Acute:Chronic Workload Ratio in Baseball

Acute:Chronic Workload Ratio in Baseball

Baseball , Education

What is the Acute:Chronic (A:C) Workload Ratio and how does it apply to baseball?

Our physical therapy practice sees a lot of baseball players. And the build up to the start of the season is one of our busiest times of year with many athletes who develop arm pain. On the surface, this fact pattern doesn’t make sense; athletes fresh out of the off-season should be feeling good and ready to roll into the season, right?

Why So Sore?

I believe there are two main reasons we see so many sore arms this time of year:

First, athletes may end their prior season with a sore arm. They rest for 2 weeks or maybe even a month after the season and their arm feels better, so they don’t do anything else to address it. As they start to ramp up their throwing, the pain returns. 

Secondly, word has finally begun to spread through youth baseball that taking 4-8 weeks off from throwing at least one time/year is important for long-term arm health. More and more athletes are following this advice which is a significant and positive step in the sport. 

However, after this period of rest, I see many athletes who started throwing at too high an intensity level (speed) and/or too high of a volume (number of throws). This overuse leads to sore shoulders or cranky elbows.

This overuse phenomenon is not unique to baseball. We can look to other sports for guidance on how to smooth the transition back into throwing with maximal effect. 

Acute:Chronic Workload Ratio

“When throwing load increased by more than 20% in a week, it resulted in significantly more injuries.”

Dr. Tim Gabbett was one of the first people to talk about something he calls the Acute:Chronic workload ratio in rugby players. Essentially, this ratio represents the “workload” for an athlete in the current week and compares it to an average of the athlete’s “workload” in the previous 2 weeks.

In very simple terms, if we keep the jump in acute (current) workload to no greater than 10-20% of the prior chronic workload, the risk of injury is reduced substantially. If an athlete exceeds this 20% jump in “workload” in a given week, their risk of injury increases substantially. Makes sense?

So, does this information on rugby athletes apply to baseball players? Moller et al looked at the effect of throwing load in handball players. They found increases in throwing of less than 10% per week resulted in very few injuries. When throwing load increased by more than 20% in a week, it resulted in significantly more injuries. Based on this study, it appears that Dr. Gabbett’s theory has some applicability to any sports involving a throwing motion.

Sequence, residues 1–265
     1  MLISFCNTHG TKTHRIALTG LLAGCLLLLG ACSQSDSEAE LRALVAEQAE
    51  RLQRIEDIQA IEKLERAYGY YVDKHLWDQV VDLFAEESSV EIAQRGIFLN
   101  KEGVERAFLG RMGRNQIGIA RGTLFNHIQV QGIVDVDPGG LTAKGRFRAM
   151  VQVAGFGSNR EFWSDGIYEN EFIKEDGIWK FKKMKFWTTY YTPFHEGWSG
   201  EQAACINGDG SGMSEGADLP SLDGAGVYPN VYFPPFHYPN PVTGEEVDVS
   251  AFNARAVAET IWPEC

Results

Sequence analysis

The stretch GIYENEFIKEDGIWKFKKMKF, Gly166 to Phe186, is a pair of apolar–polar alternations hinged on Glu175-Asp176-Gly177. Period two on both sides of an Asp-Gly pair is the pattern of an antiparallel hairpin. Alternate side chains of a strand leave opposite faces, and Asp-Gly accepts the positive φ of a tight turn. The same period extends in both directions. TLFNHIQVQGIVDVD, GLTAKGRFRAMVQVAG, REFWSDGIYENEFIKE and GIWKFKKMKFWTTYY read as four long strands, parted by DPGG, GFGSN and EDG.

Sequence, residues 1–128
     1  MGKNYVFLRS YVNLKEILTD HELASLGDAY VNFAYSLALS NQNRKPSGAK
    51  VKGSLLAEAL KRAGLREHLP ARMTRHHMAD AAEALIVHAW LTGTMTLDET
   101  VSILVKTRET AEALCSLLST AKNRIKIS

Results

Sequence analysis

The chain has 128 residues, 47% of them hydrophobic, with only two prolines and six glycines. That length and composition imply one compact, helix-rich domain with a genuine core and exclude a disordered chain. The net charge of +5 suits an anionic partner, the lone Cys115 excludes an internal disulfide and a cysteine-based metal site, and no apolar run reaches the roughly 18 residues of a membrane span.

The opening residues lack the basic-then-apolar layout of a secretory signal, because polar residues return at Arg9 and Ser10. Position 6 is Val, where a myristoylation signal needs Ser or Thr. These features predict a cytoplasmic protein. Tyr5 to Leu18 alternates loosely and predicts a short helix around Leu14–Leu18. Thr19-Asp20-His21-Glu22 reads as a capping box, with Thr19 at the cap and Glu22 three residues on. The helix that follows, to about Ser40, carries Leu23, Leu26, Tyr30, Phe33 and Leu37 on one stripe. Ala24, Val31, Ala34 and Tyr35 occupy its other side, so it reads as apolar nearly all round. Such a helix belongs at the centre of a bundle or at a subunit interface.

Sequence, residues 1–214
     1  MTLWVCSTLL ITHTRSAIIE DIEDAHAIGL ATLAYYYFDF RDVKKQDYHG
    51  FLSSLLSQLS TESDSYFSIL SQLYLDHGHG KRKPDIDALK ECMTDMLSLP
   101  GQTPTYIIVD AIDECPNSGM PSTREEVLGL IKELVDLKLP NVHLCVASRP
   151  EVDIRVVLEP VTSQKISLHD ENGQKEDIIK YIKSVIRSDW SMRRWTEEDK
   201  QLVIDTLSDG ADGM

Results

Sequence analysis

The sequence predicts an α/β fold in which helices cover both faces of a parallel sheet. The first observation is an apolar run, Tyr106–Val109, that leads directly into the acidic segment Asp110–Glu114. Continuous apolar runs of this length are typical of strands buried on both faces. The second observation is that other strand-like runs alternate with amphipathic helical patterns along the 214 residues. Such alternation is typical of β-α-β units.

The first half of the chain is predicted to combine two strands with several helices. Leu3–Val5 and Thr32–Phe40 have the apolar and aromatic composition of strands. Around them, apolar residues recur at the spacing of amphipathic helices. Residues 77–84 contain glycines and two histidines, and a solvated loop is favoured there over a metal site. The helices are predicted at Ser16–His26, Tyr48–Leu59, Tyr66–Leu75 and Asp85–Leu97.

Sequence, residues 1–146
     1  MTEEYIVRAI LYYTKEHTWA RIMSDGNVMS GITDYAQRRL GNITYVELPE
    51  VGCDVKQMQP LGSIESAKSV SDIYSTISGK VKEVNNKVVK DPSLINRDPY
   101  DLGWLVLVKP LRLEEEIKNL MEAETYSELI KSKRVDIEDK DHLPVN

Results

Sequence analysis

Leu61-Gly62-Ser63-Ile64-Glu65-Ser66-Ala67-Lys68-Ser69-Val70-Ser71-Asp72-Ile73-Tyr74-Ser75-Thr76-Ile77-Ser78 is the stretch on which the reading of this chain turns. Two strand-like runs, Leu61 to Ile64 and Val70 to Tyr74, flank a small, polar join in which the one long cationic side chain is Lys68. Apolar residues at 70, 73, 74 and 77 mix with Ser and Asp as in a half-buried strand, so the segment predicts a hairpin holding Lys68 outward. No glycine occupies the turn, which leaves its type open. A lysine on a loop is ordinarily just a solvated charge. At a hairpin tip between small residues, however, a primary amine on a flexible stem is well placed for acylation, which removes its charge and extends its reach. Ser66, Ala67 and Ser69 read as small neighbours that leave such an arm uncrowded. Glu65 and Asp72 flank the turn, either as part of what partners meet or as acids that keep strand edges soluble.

Avoiding Soreness

What should a baseball pitcher do to keep their arm healthy as they ramp up for the season? My recommendation is to start with a light to fairly light throwing volume and intensity – somewhere around 25 throws at 30% effort (around 45-60 feet if playing catch) 3 days per week. Then, gradually increase the number of throws OR the intensity of the throws (not both in the same day) each week.

Keep in mind that you do not want to increase your throwing activity by more than 10% in any given week. You should monitor for arm soreness – during and for 24 hours after you throw. If the athlete does not experience soreness during that week, then progress by another 10% the following week. To be clear, if you start at a 30% effort level, it will take you 6 to 7 weeks to get to 100% effort for the start of the season.

Take it to the Next Level

I hope this simple advice is helpful for any athlete getting ready for the start of their throwing sport season. This is a general overview of how to implement the A:C workload ratio into your own pre-season throwing program.

If you are looking for more specific guidance, we have a free download for a Preseason Throwing Program! It was written by a professional baseball player with 10+ years experience and lays out exactly how to progress your throwing as your season approaches so you can stay healthy all season long. Give it a look!

At Kinetic Sports Medicine and Performance, we are committed to not only returning athletes from injuries, but helping athletes maximize their performance. If you are wondering if we could help YOU, feel free to contact us and schedule a free consultation. We would love to sit down with you and discuss exactly how Kinetic can help you get to the top of your game!

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